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The Rum Diaries

Journey to the heart of Barbados, home to the world’s best rum­—and the Caribbean’s most refined destination.

The beach at the Fairmont Royal Pavilion in St. James, Barbados. Originally built as the Miramar Hotel in the ’40s, it’s hosted everyone from Queen Elizabeth to Mark Cuban.

Dining at the Fairmont Royal Pavilion in St. James.

Mount Gay rum aging in barrels until Master Blender Allen Smith says it’s ready

It doesn’t get much more romantic than The Cliff Restaurant in St. James.

Pour it up, pour it up!” Rihanna sings over the radio as we drive from the airport to our hotel. Our just-acquainted tour group smiles at each other and laughs. We’re in Barbados. Rihanna is from Barbados. Get it?

The second Rihanna song comes on shortly after and, this time, we crack a few jokes about how they must really like her here. Then another Rihanna song comes on. And another. We better get used to it: It’s not long into our trip that we realize the Rihanna soundtrack is virtually nonstop in this idyllic island nation—at hotels, in cars, at restaurants and lounges. At first it’s surprising. Then baffling. Then, as we settle into island life, it starts to make perfect sense: Barbadians, or Bajans, as natives of this Caribbean island self-identify, are not only extremely proud of their native daughter, but Barbados is all about celebrating. And her music is nothing if not celebratory. Like the island itself, it just makes you feel good.

The only thing Bajans might be more proud of than Rihanna is laying claim to producing the world’s best rum, which is what’s brought our group here. Mount Gay Rum (, founded in 1703, is the oldest rum distillery in the world, and one of the most respected. They’ve invited us to learn a bit about their much-anticipated new offering, Black Barrel. The only Mount Gay rum finished in charred bourbon oak, smooth and spicy Black Barrel is expected to be Mount Gay’s new star.

Barbados offers endless ways to enjoy the spirit. I begin to understand that as our group checks into the Fairmont Royal Pavilion ( in the parish, or region, of St. James. Founded as the posh Miramar Hotel in the ’40s, the Royal Pavilion offers 72 rooms, all with ocean views, in sprawling open-air environs that are as serene as they are refined. Weary from travel, we relax and sip on rum cocktails in the elegant pink-hued lobby before making our way through the lush grounds to our rooms. Ah, I think as I enter my suite—yet another cause for celebration. With gorgeous hardwood floors, a European marble bathroom with rain shower and, most of all, a private deck with a stunning ocean view, it’s time to pour another short one and toast my good fortune. It’s no surprise that the hotel has hosted everyone from Queen Elizabeth to, for his wedding and honeymoon, Mark Cuban. I’m not sure how long Cuban stayed but, if I had his resources, it would have been measured in weeks, not days.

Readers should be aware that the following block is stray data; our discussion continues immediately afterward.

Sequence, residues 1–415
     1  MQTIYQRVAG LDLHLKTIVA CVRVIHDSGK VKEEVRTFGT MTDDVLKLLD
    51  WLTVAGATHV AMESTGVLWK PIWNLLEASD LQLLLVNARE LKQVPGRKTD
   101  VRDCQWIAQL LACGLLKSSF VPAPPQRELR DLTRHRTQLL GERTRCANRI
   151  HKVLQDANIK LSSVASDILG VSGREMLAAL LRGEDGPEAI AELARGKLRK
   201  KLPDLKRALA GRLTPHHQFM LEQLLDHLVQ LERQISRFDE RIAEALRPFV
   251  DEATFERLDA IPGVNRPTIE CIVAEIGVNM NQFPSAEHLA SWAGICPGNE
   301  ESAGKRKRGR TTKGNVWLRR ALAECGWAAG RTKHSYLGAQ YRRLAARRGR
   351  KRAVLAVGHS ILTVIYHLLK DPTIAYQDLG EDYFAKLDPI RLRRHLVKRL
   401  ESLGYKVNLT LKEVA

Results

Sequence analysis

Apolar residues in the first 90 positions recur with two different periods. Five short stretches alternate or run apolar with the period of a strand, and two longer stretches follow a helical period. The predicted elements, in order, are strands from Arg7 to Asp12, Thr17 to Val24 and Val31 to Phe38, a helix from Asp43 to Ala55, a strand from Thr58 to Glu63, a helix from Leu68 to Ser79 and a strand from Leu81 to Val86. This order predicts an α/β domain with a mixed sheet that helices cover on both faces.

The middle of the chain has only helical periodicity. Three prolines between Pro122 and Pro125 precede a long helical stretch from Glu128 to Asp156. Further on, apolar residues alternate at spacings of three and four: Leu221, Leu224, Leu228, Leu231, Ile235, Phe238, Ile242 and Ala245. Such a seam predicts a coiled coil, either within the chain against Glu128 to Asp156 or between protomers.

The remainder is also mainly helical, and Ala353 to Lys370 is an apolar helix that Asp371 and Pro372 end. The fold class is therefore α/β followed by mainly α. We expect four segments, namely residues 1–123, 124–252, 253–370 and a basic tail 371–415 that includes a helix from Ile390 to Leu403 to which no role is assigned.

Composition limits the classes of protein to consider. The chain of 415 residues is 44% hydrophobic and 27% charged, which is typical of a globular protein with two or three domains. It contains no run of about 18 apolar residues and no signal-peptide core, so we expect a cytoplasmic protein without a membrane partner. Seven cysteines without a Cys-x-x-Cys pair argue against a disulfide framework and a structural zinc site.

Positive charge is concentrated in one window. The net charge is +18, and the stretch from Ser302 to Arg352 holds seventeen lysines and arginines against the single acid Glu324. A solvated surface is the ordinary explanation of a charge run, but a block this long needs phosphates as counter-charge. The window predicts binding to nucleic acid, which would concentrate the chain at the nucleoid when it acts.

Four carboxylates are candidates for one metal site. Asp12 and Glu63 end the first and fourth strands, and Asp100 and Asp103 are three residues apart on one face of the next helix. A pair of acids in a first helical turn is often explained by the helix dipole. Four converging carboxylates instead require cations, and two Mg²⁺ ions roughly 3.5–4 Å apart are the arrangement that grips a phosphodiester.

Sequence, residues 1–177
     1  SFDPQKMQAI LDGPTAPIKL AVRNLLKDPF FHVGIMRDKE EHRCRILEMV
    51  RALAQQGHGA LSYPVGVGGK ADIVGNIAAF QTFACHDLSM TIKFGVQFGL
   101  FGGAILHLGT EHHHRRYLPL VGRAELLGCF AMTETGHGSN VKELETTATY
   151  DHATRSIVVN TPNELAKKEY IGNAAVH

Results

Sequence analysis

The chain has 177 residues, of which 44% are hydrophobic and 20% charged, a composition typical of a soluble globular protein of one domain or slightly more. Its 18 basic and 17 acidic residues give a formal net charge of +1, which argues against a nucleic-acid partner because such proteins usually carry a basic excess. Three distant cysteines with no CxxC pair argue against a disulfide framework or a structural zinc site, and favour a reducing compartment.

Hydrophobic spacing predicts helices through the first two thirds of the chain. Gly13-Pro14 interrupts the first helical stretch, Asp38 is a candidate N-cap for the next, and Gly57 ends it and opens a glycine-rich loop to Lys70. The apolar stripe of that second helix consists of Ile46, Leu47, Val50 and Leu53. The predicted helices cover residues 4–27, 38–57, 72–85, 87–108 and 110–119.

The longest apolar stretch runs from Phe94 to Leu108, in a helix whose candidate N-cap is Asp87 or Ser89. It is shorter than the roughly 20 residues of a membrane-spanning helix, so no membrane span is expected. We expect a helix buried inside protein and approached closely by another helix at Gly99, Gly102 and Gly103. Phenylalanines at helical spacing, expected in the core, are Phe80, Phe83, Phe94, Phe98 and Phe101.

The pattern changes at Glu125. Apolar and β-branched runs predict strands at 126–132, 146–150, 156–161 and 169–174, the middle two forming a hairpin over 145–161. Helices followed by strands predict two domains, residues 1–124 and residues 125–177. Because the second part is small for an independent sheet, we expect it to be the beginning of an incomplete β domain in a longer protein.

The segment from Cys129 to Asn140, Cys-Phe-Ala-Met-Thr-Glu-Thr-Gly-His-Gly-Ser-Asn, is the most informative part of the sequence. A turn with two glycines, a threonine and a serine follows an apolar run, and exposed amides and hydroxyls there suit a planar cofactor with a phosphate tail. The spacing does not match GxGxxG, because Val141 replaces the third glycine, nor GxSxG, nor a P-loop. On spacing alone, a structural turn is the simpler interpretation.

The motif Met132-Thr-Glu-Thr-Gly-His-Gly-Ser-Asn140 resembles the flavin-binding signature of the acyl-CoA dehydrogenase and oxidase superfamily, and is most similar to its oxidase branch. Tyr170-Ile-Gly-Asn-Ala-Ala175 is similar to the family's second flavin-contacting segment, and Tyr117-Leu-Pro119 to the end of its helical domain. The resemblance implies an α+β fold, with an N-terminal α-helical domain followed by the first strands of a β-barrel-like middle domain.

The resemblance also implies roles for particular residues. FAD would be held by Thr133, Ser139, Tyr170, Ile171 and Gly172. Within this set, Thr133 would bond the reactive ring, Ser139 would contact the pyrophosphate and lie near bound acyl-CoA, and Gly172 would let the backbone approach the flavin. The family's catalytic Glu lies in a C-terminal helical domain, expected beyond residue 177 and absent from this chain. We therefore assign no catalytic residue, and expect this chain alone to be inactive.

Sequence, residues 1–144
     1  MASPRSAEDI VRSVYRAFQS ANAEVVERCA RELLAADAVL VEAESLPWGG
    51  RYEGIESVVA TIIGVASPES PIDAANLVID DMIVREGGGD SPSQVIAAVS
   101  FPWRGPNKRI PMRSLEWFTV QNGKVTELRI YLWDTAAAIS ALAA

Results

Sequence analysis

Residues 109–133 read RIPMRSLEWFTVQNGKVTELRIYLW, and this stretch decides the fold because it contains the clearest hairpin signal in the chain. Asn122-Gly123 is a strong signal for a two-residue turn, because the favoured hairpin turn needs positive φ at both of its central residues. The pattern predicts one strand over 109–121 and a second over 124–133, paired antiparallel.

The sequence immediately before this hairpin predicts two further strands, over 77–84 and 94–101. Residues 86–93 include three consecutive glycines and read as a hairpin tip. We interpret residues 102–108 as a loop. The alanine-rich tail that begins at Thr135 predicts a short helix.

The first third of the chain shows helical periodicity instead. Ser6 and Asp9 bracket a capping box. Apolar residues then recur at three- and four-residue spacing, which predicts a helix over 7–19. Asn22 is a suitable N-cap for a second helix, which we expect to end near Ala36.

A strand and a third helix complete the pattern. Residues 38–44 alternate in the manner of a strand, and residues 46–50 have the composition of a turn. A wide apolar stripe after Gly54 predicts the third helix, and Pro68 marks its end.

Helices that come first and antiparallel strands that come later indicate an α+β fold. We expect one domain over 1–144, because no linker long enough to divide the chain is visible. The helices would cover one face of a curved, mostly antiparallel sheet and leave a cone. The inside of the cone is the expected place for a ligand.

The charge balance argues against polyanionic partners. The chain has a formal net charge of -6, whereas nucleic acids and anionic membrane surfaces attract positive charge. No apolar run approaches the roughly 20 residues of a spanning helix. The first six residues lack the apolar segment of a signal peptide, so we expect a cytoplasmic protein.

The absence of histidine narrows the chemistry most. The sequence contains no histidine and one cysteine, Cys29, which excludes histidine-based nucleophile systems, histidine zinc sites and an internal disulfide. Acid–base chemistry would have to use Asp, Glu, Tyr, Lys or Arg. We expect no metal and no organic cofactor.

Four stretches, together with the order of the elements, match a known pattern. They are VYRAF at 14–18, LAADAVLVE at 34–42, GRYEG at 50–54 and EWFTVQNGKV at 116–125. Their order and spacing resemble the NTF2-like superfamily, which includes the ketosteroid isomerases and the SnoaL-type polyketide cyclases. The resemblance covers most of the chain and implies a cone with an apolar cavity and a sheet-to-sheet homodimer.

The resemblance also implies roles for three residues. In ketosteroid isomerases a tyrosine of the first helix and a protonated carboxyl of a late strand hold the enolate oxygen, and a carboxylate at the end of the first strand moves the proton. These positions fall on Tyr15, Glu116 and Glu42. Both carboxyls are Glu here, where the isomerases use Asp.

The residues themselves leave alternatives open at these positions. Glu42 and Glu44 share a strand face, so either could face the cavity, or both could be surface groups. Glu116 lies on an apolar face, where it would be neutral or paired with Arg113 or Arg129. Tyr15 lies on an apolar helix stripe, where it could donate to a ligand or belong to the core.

While visiting Barbados’ best restaurants and hotels is certainly a pleasure, it’s driving around the island seeing the sights and listening to our guides where we really see the country. We learn loads on our way to Harrison’s Cave (, a crystallized limestone cave where visitors can see firsthand the coral-purified water instrumental in the production of Mount Gay. The former British colony, our memorably affable guide Chester tells us as we make our way across the island, enjoys universal health care and higher education, and has close to a 100-percent literacy rate. It’s clear, just exploring and talking to the locals, that its British roots run deep, from the system of government to driving on the left-hand side of the road to, most of all, the genteel and gracious disposition of the people. At one point we stop and see historic “chattel houses,” movable residences originated by slaves who had to follow the crops around the island. Then it’s off to one of the western hemisphere’s oldest temples, the Nidhe Israel Synagogue, originally built in 1654, destroyed by a hurricane in 1831 and rebuilt two years later. We also see the George Washington House ( where the founder of our country stayed with his older half-brother, Lawrence, while the latter recuperated from tuberculosis. The sojourn, our guide tells us, might have truly changed the course of American history—George Washington contracted smallpox while in Barbados and, when there was an outbreak of the disease during the Revolutionary War, he was immune and didn’t get sick. On a lighter note, he so enjoyed the local spirits that he reportedly ordered a cask of rum sent north for his 1789 inauguration.